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Me, afraid?

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Legal war looms as Peping Cojuangco says he has the goods on Mon Fernandez.

Philippine Olympic Committee president Jose ‘Peping’ Cojuangco Wednesday shrugged off the R10-million libel case filed by former basketball star Mon Fernandez whom the veteran politician branded a game-fixer during a weekly sportswriters forum last February.

“Akala ba nya eh nanginginig ako sa takot?” Cojuangco told Tempo after presiding over the POC’s General Assembly at Wack Wack.

Cojuangco said he has a counter legal action in mind but did not elaborate, boasting that he has people who can substantiate his bold claim.

“Magsasalita ba ako ng ganoong mga bagay kung hindi ako sigurado?”

On radio yesterday, the POC honcho even said: “Meron pa kong gagawin; tignan natin kung sino mabibilanggo.”

Fernandez filed the case in Cebu City on Tuesday and revealed that the only way he will withdraw the case and settle out of court is if Cojuangco, 82, retracts his statement, issue a public apology and step down as POC president.

Since taking over the POC in 2004, Fernandez, 63, insists that the former Tarlac congressman and younger brother of former President Corazon C. Aquino had done nothing to elevate Philippine sports.

For months after being assigned to the PSC by President Rodrigo Duterte, Fernandez lashed at the POC for its bevy of misdeeds, including gaining financial assistance from the PSC from 2010 to 2016.

Accusations of game fixing have been raised many times in the past but none of them were proven and Fernandez said it was difficult for him to let go of Cojuangco’s scathing accusation.

“There had been such kind of accusations against me in the past but it was never substantiated. I was never charged.

Ngayon ginawa niya yun, I have to do something,” said Fernandez, who was accompanied by his wife Karla Kintanar-Fernandez and lawyer Ramsey Quijano when he filed the case.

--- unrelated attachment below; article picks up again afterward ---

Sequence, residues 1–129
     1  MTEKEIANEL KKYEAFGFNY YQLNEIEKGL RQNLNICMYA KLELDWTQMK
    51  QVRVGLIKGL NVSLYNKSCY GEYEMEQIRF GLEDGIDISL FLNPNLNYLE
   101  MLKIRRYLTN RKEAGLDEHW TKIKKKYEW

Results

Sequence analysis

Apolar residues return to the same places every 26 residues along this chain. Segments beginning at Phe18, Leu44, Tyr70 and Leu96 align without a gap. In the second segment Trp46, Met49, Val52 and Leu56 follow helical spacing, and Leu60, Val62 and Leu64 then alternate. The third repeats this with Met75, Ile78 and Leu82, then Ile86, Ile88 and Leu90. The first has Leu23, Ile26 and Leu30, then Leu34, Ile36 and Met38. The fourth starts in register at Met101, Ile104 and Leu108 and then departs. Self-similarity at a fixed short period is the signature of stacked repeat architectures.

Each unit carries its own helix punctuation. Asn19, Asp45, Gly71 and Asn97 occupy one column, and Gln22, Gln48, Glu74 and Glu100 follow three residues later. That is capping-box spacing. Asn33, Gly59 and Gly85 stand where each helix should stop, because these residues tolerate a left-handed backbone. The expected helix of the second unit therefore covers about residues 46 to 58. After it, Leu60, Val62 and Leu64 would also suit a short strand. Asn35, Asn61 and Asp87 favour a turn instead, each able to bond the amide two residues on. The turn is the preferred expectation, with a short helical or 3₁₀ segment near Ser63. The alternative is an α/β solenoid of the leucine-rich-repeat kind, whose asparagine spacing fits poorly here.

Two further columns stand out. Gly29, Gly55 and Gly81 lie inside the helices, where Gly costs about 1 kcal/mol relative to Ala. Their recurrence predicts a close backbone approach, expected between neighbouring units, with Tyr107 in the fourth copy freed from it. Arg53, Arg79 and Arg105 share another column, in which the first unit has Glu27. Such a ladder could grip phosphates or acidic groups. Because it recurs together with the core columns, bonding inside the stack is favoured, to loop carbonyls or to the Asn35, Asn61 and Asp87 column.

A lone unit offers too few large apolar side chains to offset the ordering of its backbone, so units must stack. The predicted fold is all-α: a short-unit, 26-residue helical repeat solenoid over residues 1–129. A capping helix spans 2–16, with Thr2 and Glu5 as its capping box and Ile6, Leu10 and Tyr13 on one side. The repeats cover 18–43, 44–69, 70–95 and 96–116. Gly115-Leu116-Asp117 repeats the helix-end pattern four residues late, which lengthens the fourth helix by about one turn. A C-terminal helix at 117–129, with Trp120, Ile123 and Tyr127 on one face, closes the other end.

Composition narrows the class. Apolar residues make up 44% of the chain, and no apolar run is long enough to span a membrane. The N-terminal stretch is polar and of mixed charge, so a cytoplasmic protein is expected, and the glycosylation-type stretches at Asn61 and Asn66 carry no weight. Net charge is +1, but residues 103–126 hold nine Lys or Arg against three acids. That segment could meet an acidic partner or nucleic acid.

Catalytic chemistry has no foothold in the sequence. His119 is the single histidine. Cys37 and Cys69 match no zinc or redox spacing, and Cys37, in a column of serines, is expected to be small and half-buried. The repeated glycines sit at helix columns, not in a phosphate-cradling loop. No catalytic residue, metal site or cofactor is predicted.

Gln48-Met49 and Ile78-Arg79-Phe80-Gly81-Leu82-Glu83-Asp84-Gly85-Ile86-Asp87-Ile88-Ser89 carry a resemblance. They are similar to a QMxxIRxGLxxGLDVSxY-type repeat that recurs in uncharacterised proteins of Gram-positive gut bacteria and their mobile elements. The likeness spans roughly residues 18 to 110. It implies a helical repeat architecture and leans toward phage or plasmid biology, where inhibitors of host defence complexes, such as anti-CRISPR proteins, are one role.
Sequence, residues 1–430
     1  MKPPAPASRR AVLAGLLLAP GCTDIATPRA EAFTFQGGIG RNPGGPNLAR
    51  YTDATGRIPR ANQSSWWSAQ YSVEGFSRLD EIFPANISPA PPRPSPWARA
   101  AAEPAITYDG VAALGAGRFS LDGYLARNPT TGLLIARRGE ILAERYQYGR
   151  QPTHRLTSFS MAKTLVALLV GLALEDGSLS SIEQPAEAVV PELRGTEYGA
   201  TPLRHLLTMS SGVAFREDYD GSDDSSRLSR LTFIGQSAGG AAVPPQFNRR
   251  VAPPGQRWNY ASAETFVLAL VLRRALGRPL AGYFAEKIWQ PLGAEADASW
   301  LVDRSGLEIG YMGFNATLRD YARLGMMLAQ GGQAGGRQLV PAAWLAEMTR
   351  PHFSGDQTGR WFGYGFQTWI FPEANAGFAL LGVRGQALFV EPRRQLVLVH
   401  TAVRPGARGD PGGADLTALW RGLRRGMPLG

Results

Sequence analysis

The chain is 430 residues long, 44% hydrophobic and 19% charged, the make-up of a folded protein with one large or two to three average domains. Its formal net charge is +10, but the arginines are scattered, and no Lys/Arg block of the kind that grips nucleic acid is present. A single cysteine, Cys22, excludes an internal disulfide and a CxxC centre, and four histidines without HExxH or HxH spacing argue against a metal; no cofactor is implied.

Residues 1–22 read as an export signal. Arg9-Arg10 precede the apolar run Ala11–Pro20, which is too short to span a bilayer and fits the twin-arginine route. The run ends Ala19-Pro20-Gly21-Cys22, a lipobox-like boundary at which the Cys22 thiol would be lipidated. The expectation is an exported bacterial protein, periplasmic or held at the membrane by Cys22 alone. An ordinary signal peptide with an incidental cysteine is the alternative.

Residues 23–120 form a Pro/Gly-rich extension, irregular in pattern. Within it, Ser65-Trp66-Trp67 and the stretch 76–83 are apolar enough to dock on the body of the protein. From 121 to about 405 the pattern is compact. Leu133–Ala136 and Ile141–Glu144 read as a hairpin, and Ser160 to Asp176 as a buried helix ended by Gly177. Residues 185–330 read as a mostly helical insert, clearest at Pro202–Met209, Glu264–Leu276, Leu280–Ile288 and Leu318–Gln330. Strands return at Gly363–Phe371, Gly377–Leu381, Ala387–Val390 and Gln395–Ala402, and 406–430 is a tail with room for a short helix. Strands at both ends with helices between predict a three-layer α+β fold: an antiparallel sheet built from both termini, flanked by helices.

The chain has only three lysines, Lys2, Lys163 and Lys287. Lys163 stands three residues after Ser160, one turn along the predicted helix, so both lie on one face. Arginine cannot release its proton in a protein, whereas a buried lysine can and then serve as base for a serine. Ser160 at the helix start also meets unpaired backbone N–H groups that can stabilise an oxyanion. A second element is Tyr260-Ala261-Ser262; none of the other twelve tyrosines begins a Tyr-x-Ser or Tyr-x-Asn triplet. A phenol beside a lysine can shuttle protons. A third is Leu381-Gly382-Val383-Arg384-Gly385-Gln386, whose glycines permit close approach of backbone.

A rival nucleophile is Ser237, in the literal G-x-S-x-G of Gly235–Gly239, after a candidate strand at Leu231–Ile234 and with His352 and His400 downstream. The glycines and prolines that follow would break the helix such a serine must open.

“I wouldn’t have minded if he made the allegations when I was still playing. I would have let my game do the talking.

But it’s a different story now. He should have given respect to the position I’m in right now, being an assistant secretary to the President at that.”

Fernandez also took note of Cojuangco’s alleged misuse of funds that came from the PSC during the time of close friend Richie Garcia.

According to documents that Fernandez submitted, the POC was said to have benefitted heavily from his closeness with Garcia to the tune of P129-million from 2010 until 2016 that was sometimes camouflaged as financial help to athletes.

In 2013, the PSC even allotted P38-million for the POC’s holding of the Asian Games Centennial that was scrapped at the last minute because of super typhoon Yolanda.

“You spent P38 million for a single event na alam natin hindi natuloy dahil binagyo. Is that a sporting program for the athletes? Is it the mandate of the PSC to fund such event? The POC has to liquidate because that’s people’s money.”

Fernandez also raised the issue of the country’s deteriorating performance in the international scene that even in the biennial Southeast Asian Games, the Philippines was lagging behind.

“The real issue here is the abuse of power. Ang pera ng PSC ay para sa mga atleta but ang nangyari ay parang naging milking cow ng POC ang PSC kaya kawawa ang mga atleta. I am doing this as a former national player,” said Fernandez.

Still, Fernandez says he is willing to sit down with Cojuangco for an out-of-court settlement.

“Like a true sportsman, we can always talk about it if they want to settle out of court. I am putting up a sports program targeting to win a medal at the 2020 Tokyo Olympics, maybe he can fund that.”

While, the case filed by Fernandez was not tackled, Cojuangco’s allies in the POC admit that the best way to remedy the problem is for the two gentlemen to patch things up.

“Na-iipit ang atleta sa mga nangyayari,” said POC treasurer Julian Camacho of wushu. “I hope they eventually get to settle this.”

Frank Elizalde, former International Olympic Committee representative to the Philippines, swears that the POC “is not antagonizing” its relationship with the PSC.

“It’s up the to the PSC,” said Elizalde, when asked how the feud can addressed.

“We all have our areas of responsibilities…” said Elizalde, adding that he is “not fanatical” with Cojuangco.

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